Something kind of incredible is going on over at Ta-Nehisi Coates’s place: Bouncing off some typically reprehensible and ahistorical remarks by Ron Paul—who apparently thinks that (1) the U.S. Civil War was started by the North, (2) for the express purpose of ending slavery, even though (3) nonviolent means, such as “compensated emancipation,” could have accomplished that end—Coates is not simply rounding up the contrary evidence, but actually trying to work out whether and how a nonviolent end to the “peculiar institution” could have worked. It’s like a Harry Turtledove novel, except fascinating and good and informative.
Nevertheless, the saving of people is, indeed, a noble goal, and Paul is not without at least the rudiments of a case. Enslaved black people were constructed into an interest representing $3 billion. ($70-75 billion in 21st century money.) But including expenditures, loss of property, loss of life (human capital,) the war, according to Ransom, costs $6.6 billion.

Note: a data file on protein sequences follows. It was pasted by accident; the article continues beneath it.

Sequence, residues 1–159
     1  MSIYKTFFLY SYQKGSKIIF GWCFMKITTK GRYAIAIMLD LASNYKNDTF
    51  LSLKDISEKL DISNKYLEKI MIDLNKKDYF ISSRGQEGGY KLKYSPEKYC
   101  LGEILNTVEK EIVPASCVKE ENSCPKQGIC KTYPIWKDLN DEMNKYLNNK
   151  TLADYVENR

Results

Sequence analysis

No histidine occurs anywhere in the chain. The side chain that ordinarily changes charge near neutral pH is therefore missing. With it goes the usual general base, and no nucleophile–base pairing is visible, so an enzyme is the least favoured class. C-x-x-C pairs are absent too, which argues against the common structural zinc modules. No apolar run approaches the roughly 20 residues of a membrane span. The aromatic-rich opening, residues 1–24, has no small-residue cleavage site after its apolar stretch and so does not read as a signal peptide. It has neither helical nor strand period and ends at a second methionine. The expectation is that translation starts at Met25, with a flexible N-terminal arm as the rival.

The numbers are clear–the South’s decision to raise an army, encourage sedition among its neighbors, and fire on federal property, was an economic disaster for white America. Moreover, the loss of 600,000 lives, in a war launched to erect an empire on the cornerstone of white supremacy and African slavery, was a great moral disaster for all corners of America.
In the most crude sense, it would have been much “cheaper” for the government to effect a mass purchase. But how?
Spoiler alert: compensated emancipation doesn’t look very practical, especially considering that Southern slaveholders were pretty damned hostile to the idea. But getting to that conclusion is enlightening, and the discussion in Coates’s famous comments section is as well worth your time as the posts. ◼